No question the hottest story of the week has been Brandgate, pushing Robert Peston and the recession off the front pages and onto the backburner. Things moved fast today when the BBC announced first the suspension of Brand and co-broadcaster Jonathan Ross, then Brand’s resignation. The fate of Ross remains unknown but Brand was always going to be more expendable than Ross. Brand has already been sacked from three commercial radio and TV channels and has a track record in poor-taste prank calls.
I’ve enjoyed Ross since his screen debut on The Last Resort on C4 in the mid-80s. I listen to his Saturday show pretty much every week and tune in most weeks to the Friday TV show. I’m all in favour of edgy comedy too, comedians should push boundaries, but there was nothing edgy about invading an elderly man’s privacy (and his granddaughter’s), nor being abusive when he couldn’t answer back. It simply was not funny. Prank calls are fine when all parties are consenting and in on the joke. This was not one of those occasions.
I felt extremely upset for Georgina Baillie, who was the other innocent party in this. One may question the wisdom of having sex with Brand, who is not exactly known for discretion, but that did not give him the right to brag about this particular conquest to her grandfather. Both English common law and the European Convention enshrine the right to privacy and recent court decisions are now enforcing this more strictly than in the past. Certainly within our families we should expect a right to privacy where our sex lives are concerned. Baillie’s privacy was breached not once but twice. First by Brand calling up Andrew Sachs then by the BBC for broadcasting it.
There are really three issues at the crux of Brandgate. Firstly, there is the right to privacy (and let’s not forget that Sachs had his privacy invaded too). Secondly, the BBC is a publicly funded institution and is therefore publicly accountable. I think this particularly applies when highly paid talent such as Ross and Brand are involved in such gross lapses of judgment. I’m not going to join the braying mob because action has already been taken and, besides, Brand’s sensible decision to resign will appease the mob somewhat. No doubt he took advice suggesting it was better to go before he was pushed. More importantly, the show was prerecorded. Those who took the decision to go ahead and broadcast it unedited will undoubtedly pay for their errors. There are already question marks hanging over the future of the licence fee.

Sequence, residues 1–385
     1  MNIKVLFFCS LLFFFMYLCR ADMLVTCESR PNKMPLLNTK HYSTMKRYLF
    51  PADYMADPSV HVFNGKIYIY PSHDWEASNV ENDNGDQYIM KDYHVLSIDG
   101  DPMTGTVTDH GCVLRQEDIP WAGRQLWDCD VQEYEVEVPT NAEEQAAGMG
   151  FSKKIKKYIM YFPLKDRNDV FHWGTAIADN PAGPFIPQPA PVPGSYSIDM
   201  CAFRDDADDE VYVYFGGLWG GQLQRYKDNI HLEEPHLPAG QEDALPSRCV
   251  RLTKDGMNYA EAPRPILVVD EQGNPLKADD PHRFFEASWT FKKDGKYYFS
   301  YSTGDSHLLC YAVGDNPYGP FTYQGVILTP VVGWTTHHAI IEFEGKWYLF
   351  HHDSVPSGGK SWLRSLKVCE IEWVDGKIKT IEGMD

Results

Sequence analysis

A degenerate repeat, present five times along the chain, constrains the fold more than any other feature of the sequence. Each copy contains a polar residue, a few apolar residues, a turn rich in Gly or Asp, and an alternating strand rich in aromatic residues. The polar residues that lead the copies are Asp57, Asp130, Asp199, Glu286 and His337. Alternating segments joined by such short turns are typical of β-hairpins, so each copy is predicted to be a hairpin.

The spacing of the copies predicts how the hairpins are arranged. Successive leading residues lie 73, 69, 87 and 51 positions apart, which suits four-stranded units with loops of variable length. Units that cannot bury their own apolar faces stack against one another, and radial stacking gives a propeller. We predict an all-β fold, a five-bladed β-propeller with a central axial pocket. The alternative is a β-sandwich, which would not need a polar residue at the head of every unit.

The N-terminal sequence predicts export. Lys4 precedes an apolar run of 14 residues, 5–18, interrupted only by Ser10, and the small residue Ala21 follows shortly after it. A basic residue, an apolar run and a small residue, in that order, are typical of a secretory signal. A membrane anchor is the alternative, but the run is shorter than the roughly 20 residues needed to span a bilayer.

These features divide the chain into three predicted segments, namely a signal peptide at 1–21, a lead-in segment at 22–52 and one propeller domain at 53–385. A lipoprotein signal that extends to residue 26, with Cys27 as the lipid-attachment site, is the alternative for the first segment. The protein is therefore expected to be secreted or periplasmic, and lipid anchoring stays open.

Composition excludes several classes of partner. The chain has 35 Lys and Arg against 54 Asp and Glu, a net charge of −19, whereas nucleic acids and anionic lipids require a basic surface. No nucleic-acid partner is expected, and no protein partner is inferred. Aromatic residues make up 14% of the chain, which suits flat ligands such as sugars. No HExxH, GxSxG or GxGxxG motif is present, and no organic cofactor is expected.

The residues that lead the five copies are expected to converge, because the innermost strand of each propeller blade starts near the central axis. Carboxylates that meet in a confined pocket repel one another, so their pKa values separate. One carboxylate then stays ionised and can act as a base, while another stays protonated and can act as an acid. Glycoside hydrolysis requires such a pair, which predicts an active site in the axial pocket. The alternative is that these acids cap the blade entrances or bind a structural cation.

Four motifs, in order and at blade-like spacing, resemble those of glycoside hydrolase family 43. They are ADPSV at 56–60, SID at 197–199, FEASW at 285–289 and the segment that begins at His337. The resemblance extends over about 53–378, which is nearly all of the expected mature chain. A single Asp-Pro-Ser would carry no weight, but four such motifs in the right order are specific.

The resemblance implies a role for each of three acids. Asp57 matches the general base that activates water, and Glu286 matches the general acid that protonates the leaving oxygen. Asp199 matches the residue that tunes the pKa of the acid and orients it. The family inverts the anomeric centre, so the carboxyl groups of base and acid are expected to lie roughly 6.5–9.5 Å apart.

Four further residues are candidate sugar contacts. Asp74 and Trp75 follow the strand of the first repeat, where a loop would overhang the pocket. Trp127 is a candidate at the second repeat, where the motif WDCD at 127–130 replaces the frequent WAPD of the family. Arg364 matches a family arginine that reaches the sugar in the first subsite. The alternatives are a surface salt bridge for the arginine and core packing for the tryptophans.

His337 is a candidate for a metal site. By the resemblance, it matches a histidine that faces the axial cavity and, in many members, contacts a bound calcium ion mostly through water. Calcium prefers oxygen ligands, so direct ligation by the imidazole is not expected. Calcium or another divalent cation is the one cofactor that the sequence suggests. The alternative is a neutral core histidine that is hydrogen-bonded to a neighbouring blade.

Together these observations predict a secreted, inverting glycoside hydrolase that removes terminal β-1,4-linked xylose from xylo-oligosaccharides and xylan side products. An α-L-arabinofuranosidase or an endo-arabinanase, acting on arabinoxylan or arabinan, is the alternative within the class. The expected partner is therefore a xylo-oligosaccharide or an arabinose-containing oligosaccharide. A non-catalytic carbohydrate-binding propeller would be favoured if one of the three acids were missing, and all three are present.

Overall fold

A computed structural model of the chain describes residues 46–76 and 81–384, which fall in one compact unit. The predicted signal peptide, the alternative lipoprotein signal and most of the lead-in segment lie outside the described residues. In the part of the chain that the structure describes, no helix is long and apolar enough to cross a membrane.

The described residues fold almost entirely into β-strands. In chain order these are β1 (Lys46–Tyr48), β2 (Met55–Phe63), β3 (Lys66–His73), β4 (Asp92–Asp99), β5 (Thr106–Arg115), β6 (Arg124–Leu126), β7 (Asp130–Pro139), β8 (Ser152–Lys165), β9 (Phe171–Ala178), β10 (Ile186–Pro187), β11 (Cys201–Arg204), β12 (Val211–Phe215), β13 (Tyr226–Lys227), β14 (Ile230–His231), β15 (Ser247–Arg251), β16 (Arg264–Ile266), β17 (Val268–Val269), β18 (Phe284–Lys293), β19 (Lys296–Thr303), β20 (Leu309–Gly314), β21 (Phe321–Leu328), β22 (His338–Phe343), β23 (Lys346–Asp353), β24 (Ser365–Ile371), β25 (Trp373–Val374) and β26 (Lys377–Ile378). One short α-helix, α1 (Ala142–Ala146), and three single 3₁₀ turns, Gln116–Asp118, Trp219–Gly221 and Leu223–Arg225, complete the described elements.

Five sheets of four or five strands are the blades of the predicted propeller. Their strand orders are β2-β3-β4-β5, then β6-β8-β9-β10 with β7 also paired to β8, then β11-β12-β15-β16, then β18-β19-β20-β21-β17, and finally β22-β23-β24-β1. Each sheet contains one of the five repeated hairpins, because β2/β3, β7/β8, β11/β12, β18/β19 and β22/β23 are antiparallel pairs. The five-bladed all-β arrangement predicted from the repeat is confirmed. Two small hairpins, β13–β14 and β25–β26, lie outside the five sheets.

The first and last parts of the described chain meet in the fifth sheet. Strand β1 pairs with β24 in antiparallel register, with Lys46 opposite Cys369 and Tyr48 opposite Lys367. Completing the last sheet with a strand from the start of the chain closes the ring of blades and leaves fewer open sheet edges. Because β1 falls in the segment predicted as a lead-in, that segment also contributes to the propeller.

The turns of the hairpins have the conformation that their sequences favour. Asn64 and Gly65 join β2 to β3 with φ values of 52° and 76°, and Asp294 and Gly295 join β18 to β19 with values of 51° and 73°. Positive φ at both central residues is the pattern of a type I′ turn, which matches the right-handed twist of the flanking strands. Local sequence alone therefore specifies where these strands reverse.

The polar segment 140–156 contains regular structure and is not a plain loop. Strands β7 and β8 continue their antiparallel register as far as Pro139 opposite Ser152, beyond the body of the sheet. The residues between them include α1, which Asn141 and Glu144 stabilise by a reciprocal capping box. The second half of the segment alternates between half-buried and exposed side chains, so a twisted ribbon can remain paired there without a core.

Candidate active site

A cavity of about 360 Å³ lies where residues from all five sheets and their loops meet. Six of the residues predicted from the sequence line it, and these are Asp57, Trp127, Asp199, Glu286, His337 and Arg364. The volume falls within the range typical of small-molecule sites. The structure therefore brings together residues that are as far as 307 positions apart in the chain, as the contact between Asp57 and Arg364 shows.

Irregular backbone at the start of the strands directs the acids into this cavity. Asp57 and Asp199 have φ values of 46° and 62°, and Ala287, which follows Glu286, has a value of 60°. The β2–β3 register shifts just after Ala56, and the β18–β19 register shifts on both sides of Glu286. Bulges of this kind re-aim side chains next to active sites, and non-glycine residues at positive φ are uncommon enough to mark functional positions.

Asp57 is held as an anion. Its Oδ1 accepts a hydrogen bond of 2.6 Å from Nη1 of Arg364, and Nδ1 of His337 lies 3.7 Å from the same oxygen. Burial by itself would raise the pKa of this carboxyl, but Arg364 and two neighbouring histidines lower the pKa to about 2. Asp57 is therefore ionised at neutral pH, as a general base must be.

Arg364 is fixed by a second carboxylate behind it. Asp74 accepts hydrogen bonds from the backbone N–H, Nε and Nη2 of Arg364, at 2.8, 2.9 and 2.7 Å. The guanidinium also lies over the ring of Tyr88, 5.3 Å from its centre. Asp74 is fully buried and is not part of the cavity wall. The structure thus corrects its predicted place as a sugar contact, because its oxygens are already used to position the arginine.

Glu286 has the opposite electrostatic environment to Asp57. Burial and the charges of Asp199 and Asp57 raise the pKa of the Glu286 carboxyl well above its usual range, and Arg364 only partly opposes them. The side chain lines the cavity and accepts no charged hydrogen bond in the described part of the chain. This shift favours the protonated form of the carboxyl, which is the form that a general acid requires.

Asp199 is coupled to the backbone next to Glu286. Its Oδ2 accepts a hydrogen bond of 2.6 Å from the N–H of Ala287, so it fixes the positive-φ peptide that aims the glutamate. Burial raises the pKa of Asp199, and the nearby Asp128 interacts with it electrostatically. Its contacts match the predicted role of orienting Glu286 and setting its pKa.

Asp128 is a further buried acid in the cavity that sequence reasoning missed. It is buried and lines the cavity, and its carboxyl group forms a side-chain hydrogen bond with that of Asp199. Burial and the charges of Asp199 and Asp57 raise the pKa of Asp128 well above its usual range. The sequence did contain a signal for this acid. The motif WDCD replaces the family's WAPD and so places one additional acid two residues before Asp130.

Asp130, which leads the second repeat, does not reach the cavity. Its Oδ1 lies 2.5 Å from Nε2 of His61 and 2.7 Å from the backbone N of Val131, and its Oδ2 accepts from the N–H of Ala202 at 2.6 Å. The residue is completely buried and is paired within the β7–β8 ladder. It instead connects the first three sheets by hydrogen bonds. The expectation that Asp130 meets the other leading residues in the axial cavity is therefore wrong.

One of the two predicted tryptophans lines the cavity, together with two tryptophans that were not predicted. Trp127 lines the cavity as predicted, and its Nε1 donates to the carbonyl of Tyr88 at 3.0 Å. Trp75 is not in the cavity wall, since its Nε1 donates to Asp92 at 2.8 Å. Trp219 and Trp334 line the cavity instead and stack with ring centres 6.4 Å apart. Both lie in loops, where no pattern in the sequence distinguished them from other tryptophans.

At £135 a year, I find the BBC very good value for money, offering around eight TV channels and nearly a dozen national radio stations, plus all the regional output. It does an extraordinarily good job within the constraints it is bound by and iut is the envy of the world as a public service broadcaster. Yet those who are calling for the abolition of the licence fee are the same people who happily fork out £30 a month for satellite services, many of whose programmes are of far poorer quality. It would be a tragedy if Brandgate were to smash wide open the possibility of the BBC having to change its funding model.
Thirdly, there are grounds for criminal prosecution on possible charges of harassment. While Sachs has stated he will not make a complaint to the police, there is still the matter of the Ofcom investigation and the police could, of course, press charges anyway if they felt the grounds for a successful prosecution were strong enough.
John Harris in the Guardian today makes some very pertinent points about how and why the BBC has found itself in this mess. It’s not just the BBC though. There has been a coarsening across the board in all broadcast output, a sea change that reflects the rapid changes that have taken place in society over the last few decades. The volume of complaints received echoes that over the Goody/Shetty furore in Celebrity Big Brother last year. We should see this is as sign that the public is very aware when lines are crossed and will not hesitate to speak up. I do not believe that TV has dumbed down that much but I do think programme makers need to understand that common decency has to be a linchpin of broadcast output.